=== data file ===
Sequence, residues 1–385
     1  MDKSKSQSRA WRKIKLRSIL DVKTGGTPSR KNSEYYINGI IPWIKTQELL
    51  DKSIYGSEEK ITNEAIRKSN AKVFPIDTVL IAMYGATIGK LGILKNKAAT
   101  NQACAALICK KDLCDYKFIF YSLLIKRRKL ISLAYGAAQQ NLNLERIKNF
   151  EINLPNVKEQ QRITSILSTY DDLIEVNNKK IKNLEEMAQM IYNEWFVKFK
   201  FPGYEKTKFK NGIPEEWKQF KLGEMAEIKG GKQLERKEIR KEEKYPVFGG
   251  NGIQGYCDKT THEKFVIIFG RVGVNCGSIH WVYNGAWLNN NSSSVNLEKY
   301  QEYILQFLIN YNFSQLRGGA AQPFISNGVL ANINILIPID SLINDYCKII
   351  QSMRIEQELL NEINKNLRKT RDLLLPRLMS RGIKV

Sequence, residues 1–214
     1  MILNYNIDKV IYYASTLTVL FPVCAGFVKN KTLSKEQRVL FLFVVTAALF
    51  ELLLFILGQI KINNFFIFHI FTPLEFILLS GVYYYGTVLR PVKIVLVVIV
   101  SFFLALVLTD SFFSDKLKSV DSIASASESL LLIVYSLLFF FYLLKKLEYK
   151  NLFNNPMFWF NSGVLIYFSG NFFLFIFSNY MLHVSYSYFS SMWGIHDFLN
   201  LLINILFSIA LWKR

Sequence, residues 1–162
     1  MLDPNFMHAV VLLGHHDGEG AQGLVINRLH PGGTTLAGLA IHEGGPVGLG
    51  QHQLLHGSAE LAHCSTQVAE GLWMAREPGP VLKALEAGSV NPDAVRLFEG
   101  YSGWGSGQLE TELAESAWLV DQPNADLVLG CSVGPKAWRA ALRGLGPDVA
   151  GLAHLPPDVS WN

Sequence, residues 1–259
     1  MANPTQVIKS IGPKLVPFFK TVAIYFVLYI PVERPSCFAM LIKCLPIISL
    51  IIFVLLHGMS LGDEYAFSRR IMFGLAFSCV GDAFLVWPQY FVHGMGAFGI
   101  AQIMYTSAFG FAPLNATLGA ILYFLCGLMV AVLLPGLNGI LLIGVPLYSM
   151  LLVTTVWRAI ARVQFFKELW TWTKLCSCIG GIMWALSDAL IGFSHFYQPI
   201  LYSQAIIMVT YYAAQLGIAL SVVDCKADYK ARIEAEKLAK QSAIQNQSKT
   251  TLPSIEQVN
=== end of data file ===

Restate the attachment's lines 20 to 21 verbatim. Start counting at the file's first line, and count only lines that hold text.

   151  GLAHLPPDVS WN

Sequence, residues 1–259